Daisy’s Café, New Coffee Debut in January

| December 22, 2008

Sweet Briar College’s Book Shop Café will undergo a renovation during the winter break, emerging when students return to campus in mid-January as Daisy’s Café, an upscale coffee shop named for the daughter of College founder Indiana Fletcher Williams.

The “rebranding,” as Steve Edwards, director of auxiliary services at the College calls it, will include more than a name change. Gone will be “convenience store-type items,” like candy bars, chips and bottled drinks, he said, along with the microwave hotdogs and hamburgers and pre-ground espresso pods.

 

The Sweet Briar Roast, in regular and decaf, will soon be available exclusively at Sweet Briar.

In their place, students and visitors to Daisy’s will find Boar’s Head deli sandwiches, a new coffee-hued color scheme, “significantly better” espresso-based drinks and a new house coffee that Edwards describes as “equal to or greater than any coffee shop around here.”

“The only place you’ll be able to buy this coffee is at Sweet Briar College,” he said, adding that it also will be served at catering functions and will be available for purchase at the café in whole bean, 12-ounce bags.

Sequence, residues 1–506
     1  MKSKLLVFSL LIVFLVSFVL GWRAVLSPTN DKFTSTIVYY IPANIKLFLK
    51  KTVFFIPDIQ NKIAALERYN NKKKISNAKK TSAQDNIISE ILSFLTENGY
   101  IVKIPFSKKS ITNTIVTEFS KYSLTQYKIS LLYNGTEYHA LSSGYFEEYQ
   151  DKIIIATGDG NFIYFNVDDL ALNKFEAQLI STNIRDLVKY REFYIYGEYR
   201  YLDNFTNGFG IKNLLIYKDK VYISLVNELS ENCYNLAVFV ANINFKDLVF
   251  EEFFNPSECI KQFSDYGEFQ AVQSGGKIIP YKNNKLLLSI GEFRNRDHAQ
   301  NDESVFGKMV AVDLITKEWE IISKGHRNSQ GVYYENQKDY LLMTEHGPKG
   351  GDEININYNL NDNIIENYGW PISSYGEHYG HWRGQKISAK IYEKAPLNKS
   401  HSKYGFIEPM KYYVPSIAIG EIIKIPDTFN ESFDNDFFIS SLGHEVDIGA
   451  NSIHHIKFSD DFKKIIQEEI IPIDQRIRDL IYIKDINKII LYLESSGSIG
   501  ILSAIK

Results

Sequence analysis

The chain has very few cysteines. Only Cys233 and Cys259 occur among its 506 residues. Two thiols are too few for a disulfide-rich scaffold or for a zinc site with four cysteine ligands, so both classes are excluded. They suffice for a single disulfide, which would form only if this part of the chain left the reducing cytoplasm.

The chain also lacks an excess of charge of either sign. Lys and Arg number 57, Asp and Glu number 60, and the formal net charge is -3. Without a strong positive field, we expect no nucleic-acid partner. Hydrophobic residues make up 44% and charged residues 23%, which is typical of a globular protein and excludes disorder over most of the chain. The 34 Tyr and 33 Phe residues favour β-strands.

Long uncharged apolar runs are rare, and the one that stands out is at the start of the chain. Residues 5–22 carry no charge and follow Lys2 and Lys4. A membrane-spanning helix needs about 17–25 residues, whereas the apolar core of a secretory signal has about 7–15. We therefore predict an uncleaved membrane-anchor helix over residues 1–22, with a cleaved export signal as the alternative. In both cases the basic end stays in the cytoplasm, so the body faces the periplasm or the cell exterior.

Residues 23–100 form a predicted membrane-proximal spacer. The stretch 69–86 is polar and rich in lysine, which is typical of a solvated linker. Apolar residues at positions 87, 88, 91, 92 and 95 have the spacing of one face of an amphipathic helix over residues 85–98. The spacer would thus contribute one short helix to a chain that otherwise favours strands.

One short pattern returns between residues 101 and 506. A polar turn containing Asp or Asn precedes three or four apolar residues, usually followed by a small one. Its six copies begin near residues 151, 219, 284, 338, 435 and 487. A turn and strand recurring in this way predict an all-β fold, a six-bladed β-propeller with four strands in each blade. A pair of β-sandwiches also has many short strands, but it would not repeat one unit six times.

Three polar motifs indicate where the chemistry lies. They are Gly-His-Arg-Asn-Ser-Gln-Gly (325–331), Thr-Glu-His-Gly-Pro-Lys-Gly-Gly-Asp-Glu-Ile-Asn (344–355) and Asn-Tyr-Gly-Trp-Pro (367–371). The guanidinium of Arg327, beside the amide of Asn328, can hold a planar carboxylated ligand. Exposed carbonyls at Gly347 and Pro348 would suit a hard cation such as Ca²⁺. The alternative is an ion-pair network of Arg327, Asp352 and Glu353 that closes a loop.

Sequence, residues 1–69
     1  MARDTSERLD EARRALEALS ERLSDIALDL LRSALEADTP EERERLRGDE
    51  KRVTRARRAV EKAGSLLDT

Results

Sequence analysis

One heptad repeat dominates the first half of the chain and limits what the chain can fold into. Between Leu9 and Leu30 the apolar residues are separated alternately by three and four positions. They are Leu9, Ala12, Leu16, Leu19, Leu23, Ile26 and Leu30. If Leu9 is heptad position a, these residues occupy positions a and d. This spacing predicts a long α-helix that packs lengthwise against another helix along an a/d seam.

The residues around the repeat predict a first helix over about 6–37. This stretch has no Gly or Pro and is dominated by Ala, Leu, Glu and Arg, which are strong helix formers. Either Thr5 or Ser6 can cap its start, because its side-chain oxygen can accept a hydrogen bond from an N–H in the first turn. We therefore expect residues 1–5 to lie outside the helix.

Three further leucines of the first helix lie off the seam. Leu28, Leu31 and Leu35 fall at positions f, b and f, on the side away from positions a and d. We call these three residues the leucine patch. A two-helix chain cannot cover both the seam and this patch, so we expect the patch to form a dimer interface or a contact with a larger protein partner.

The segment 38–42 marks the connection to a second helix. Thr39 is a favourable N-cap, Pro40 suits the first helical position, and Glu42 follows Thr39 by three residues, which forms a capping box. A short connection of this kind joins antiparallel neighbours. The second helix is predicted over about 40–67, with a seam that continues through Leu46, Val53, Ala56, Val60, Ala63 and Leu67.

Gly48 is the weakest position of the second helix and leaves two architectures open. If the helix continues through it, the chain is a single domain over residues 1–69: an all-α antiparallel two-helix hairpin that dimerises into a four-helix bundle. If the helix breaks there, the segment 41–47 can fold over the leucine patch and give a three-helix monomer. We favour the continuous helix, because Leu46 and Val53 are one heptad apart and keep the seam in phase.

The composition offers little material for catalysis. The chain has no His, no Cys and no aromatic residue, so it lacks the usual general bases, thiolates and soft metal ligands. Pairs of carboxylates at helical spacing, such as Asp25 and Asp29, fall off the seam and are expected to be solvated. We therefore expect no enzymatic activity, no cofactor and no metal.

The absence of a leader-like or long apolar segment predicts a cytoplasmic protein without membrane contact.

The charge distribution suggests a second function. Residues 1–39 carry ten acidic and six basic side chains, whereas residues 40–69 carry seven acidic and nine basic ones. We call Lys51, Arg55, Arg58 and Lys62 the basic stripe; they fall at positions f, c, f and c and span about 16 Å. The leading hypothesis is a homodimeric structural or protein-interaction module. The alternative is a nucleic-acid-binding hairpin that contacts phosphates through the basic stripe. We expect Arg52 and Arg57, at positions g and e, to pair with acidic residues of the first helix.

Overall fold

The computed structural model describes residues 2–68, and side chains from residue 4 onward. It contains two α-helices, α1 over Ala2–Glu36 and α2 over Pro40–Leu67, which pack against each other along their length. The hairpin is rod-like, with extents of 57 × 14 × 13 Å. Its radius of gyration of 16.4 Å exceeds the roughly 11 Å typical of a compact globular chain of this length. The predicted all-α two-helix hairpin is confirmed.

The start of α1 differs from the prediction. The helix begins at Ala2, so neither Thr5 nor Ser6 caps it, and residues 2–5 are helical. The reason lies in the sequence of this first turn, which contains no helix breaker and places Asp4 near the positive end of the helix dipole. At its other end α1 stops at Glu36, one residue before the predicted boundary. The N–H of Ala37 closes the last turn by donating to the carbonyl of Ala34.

When he started searching for what would eventually be dubbed the “Sweet Briar Roast,” Edwards didn’t know the coffee and its grower would be a perfect match for the College.

Working with Rosetta Coffee Company in Lynchburg, Va., Edwards found Unnamalai Thiagarajan, the woman who owns Balmaadi Estate, a coffee plantation in the Blue Mountains of Southern India.

Although he wasn’t necessarily seeking a female grower – just a good cup of coffee – the connection between a woman coffee grower from the Blue Mountains of India and an all-women’s college in the foothills of the Blue Ridge Mountains of Virginia wasn’t lost on Edwards.

“I think that the fact we were able to find a female plantation owner, that’s just like icing on the cake, or cream in the coffee,” he said.

The decaf Sweet Briar Roast is an Arabica grown by Peru San Juan del Oro, a Peruvian co-op that, according to Rosetta, is “pushing hard to advance women’s issues within their community.”

Bottled drinks, candy bars and chips will still be available at the Book Shop, and the freshly baked muffins, scones and cookies that were previously served at the café will be on the menu at Daisy’s. French presses also will be available for use at the café.

Compared to the old Book Shop Café, Edwards foresees a slight increase in cost at Daisy’s, but says the “quality will more than make up for it.” He also hopes Daisy’s Café can be a place for people from the Amherst and surrounding communities to come for a good cup of coffee, in lieu of driving to Lynchburg.

The grand opening of Daisy’s Café is scheduled for 8 a.m. on Thursday, Jan. 22. For more information, contact Edwards at sedwards@sbc.edu or (434) 381-6160.

– By Suzanne Ramsey, SBC staff writer

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